Paycheck Protection Program (COVID-19) pamphlet.

Businesses Taking PPP Loans Face Potential Liabilities

By Douglas Lipsky

The Coronavirus Aid, Relief and Economic Security Act (the CARES Act), signed into law by President Trump on March 27, 2020, established the Paycheck Protection Program (PPP) to provide financial relief to businesses impacted by the COVID-19 crisis. 

PPP loans are intended to be used primarily for payroll costs; however, given the complex and evolving guidelines governing the program, it is likely that some businesses may not have used the PPP loan for its intended purpose. The question remains as to whether employees who have not been rehired can file a claim. The best way to protect your rights is to consult with an experienced employment lawyer.

PPP Loans At a Glance

As the name implies, PPP loans are designed to help small businesses (those with 500 or fewer workers) retain their employees. To apply for a PPP loan, businesses must make a number of certifications, including:

  • The loan is necessary to support business operations
  • The proceeds will be used consistent with PPP rules
  • The applicant is eligible for a PPP loan

Permitted uses of PPP loans include: 

  • Salary/wages (up to $100K per employee)
  • Employee benefits
  • State payroll taxes
  • Utilities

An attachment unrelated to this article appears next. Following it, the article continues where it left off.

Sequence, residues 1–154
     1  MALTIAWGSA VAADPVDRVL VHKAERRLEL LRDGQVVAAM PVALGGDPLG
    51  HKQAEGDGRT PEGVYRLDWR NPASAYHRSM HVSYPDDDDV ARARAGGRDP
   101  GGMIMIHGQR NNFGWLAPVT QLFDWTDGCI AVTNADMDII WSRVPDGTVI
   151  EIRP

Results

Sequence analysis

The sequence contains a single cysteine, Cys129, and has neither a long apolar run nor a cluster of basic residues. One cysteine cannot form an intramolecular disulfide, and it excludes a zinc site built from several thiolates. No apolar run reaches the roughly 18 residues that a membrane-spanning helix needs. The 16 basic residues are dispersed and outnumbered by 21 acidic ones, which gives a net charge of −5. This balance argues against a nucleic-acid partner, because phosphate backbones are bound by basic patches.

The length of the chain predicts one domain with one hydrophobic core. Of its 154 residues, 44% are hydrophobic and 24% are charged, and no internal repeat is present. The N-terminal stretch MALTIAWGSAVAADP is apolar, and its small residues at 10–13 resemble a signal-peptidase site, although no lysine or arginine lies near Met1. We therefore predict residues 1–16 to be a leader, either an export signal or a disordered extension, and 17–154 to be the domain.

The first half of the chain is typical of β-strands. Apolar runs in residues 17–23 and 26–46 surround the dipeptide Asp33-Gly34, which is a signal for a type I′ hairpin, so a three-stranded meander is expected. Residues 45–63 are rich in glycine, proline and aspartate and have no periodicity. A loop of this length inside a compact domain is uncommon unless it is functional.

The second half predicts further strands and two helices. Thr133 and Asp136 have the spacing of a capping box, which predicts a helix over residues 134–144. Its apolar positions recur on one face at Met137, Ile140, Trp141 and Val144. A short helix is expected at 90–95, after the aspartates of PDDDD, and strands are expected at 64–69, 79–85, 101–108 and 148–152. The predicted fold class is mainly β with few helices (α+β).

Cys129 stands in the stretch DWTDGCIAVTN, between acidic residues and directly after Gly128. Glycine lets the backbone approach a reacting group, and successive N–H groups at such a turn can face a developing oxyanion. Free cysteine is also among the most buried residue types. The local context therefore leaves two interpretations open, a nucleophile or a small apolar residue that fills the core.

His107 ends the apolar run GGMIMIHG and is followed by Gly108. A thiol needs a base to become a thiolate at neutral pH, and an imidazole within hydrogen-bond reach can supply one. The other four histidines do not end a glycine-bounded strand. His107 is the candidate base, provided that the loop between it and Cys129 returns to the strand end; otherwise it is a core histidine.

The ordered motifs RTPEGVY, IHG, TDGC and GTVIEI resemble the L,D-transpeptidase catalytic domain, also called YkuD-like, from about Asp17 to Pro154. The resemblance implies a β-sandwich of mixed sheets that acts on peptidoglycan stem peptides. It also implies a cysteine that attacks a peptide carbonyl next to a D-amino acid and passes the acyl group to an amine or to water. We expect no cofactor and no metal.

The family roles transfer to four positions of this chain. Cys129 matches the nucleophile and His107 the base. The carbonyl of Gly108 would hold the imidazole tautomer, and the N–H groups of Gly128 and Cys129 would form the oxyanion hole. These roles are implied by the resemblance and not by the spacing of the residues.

• Rent/mortgage interest

Under the program, 75 percent of the loan must be used for payroll costs, and businesses that accepted loans are eligible for forgiveness. To have a loan completely forgiven, however, a business must maintain its headcount of full-time employees and salary level. A business that does not hire back all its employees by June 30, 2020, is not entitled to have the entire loan forgiven.

There is a catch, however, because guidelines issued by the Small Business Administration do not distinguish between new and existing employees, which means that it may not be necessary for the business to hire back the same employees.

The Takeaway

Given the manner in which the $349 billion loan program was rapidly expedited, the potential for fraud is high. For this reason, the Treasury Department has stated that it intends to audit all loans over $2 million. In short, businesses that submitted false statements to obtain a loan, or that used PPP funds improperly may be held liable under a number of federal laws, including the False Claims Act.

If you have information that your employer made false statements to obtain a PPP loan, you may be entitled to a whistleblower award. Under the qui tam provisions of the False Claims Act, individuals who have evidence of fraud against federal programs are allowed to sue the wrongdoer on behalf of the federal government and may be entitled to a portion of any funds that are recovered.

About the Author
Douglas Lipsky is a co-founding partner of Lipsky Lowe LLP. He has extensive experience in all areas of employment law, including discrimination, sexual harassment, hostile work environment, retaliation, wrongful discharge, breach of contract, unpaid overtime, and unpaid tips. He also represents clients in complex wage and hour claims, including collective actions under the federal Fair Labor Standards Act and class actions under the laws of many different states. If you have questions about this article, contact Douglas today.